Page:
By Matt Chalfont-Griffin
I have recently been acting for some clients buying a property which came with ownership of a stretch of the River Mole. What an amazing opportunity for them, but it made me wonder what they and I needed to be aware of when it came to ownership of a river and the banks of the river.
I had to dig out books I have not had to look at for a while, covered in dust, to refresh my memory on riparian responsibilities. I am of course lying because nobody picks up books and looks at those any longer. Google is the first port of call.
Ultimately if someone owns land adjoining a water course then they will have certain rights and more importantly have certain responsibilities. This is what is termed as riparian owner.
The landowners will be responsible for a number of things. They are responsible for clearing litter, clearing obstructions from the rivers and the riverbanks even if they do not come from the owners land. It’s imperative that the owner ensures water flows through the land without any obstruction, pollution, or diversion because that may have an impact on the rights of others.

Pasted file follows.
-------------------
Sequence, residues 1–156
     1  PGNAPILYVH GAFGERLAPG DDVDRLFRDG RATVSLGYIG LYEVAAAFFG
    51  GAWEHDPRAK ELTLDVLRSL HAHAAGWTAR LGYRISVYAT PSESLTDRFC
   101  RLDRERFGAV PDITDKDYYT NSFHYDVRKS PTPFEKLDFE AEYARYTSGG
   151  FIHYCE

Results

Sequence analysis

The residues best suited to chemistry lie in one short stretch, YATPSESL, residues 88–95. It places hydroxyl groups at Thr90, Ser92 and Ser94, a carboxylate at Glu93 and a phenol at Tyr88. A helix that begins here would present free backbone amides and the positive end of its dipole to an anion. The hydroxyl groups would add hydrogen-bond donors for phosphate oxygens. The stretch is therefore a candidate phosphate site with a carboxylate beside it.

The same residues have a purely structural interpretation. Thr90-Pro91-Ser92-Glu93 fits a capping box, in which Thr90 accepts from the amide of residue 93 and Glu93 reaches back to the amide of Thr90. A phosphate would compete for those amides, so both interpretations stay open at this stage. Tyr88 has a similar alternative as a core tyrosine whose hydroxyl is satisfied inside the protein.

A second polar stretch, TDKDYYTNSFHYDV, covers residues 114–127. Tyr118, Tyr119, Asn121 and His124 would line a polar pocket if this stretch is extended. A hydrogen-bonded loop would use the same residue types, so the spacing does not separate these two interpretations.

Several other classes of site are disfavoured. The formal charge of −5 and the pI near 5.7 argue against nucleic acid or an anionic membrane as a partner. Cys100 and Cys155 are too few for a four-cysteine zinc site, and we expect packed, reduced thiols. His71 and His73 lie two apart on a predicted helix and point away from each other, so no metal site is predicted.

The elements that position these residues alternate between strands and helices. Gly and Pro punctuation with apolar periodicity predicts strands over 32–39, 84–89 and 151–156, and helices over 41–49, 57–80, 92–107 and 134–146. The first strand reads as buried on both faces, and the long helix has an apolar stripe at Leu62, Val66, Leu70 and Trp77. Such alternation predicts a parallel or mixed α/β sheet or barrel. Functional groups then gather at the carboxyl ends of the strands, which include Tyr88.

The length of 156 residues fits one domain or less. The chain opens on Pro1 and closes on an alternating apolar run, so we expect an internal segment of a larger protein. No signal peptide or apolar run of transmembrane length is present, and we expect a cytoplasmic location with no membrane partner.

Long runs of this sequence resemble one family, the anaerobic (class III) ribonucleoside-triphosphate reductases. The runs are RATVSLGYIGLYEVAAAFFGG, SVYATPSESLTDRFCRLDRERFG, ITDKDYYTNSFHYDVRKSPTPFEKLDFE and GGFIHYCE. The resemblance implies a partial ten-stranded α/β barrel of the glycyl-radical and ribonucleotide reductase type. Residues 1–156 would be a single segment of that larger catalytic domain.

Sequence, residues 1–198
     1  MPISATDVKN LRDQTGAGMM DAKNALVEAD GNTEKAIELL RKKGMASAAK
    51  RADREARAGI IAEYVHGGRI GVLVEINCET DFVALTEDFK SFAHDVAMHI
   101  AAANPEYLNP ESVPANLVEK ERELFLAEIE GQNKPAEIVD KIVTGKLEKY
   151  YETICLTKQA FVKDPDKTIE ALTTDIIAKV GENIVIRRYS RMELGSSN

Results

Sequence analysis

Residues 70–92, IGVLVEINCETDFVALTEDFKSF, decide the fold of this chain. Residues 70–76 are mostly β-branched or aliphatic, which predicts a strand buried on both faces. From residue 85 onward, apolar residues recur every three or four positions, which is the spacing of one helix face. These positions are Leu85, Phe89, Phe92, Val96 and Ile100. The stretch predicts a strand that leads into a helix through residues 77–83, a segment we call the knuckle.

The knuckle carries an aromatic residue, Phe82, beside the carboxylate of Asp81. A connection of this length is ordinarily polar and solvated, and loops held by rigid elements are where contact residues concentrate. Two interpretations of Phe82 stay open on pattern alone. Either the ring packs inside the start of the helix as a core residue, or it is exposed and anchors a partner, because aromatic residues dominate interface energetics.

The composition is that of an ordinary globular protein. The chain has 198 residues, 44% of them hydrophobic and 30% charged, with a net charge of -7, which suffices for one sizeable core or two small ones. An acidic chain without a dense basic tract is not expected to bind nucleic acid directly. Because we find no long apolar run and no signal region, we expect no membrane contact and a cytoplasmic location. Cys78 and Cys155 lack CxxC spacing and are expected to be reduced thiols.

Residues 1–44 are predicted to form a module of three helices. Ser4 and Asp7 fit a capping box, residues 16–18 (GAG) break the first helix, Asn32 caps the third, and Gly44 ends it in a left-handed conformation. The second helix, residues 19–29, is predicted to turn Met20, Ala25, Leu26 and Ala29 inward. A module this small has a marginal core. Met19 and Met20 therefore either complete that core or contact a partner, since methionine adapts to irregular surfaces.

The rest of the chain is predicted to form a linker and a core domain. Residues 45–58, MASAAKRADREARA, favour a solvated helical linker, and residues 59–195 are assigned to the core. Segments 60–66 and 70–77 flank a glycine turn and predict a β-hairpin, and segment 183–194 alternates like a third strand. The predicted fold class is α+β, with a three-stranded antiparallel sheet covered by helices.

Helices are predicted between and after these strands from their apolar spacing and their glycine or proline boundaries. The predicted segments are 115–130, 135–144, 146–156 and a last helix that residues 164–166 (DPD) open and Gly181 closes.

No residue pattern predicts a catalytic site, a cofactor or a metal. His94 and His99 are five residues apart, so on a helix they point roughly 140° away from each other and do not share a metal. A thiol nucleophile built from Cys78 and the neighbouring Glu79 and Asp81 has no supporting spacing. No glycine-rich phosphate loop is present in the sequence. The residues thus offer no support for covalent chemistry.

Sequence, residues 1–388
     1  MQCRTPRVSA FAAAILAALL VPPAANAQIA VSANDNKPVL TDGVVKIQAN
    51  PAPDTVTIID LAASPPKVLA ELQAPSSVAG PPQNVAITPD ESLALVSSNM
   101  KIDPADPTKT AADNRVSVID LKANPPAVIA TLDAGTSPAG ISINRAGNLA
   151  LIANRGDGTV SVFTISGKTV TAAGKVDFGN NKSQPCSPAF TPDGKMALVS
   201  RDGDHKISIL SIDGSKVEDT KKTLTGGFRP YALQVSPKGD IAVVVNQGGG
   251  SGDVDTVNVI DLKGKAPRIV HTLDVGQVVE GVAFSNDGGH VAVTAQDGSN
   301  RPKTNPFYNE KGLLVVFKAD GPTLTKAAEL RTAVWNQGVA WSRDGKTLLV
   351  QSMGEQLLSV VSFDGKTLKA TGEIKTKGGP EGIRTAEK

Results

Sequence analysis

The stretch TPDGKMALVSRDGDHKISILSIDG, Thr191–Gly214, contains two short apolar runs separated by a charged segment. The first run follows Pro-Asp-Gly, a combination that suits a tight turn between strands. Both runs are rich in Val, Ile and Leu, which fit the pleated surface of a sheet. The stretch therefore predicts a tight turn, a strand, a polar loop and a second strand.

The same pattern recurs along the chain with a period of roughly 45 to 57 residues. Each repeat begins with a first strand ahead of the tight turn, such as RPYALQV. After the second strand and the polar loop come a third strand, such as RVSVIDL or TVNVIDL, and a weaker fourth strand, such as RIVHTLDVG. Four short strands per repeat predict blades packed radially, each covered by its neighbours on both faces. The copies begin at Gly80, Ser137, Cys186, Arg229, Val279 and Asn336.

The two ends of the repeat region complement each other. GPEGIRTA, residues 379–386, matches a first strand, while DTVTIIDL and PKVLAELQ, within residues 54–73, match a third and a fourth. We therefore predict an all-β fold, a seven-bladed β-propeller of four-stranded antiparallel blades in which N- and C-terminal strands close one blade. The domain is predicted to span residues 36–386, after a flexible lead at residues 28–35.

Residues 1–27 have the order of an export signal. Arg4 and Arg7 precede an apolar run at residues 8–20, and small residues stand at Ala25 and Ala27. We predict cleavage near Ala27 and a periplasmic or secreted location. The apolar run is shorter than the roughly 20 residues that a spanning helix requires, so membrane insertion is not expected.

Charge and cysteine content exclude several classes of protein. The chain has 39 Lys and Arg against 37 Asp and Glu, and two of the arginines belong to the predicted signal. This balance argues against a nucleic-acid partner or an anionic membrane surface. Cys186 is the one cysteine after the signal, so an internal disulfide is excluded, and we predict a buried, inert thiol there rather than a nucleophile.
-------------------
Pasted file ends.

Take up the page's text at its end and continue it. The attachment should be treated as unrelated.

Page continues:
With the responsibilities comes a degree of risk because of course you must do what is required of the Environment Agency, an overriding obligation to ensure that any risk of flooding is not increased.
The benefits are that the water can be taken from the river, though there are limits for domestic and agricultural use and there is the benefit of fishing rights although there is often still the need for a license and hefty fines if one is not obtained.
The risk is that lots of people would not even know that they had these responsibilities. Anyone who owns a property which adjoins a water course has the benefit and also the burden of these riparian rights and maintenance of responsibilities for the riverbank extends to any water course, and can include a ditch or culvert.
If you are concerned about your responsibilities, then it is important to take expert legal advice.